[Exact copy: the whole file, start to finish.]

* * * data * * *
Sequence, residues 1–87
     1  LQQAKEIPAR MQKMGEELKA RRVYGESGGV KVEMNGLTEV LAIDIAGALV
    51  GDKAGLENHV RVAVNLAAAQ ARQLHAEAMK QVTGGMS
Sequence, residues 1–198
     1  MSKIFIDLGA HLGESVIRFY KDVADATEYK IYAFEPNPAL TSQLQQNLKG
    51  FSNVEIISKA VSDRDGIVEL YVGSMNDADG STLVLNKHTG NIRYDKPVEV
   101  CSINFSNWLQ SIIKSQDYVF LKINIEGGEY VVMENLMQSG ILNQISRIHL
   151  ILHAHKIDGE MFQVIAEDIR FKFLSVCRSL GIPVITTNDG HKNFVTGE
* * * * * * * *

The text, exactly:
Sequence, residues 1–87
     1  LQQAKEIPAR MQKMGEELKA RRVYGESGGV KVEMNGLTEV LAIDIAGALV
    51  GDKAGLENHV RVAVNLAAAQ ARQLHAEAMK QVTGGMS
Sequence, residues 1–198
     1  MSKIFIDLGA HLGESVIRFY KDVADATEYK IYAFEPNPAL TSQLQQNLKG
    51  FSNVEIISKA VSDRDGIVEL YVGSMNDADG STLVLNKHTG NIRYDKPVEV
   101  CSINFSNWLQ SIIKSQDYVF LKINIEGGEY VVMENLMQSG ILNQISRIHL
   151  ILHAHKIDGE MFQVIAEDIR FKFLSVCRSL GIPVITTNDG HKNFVTGE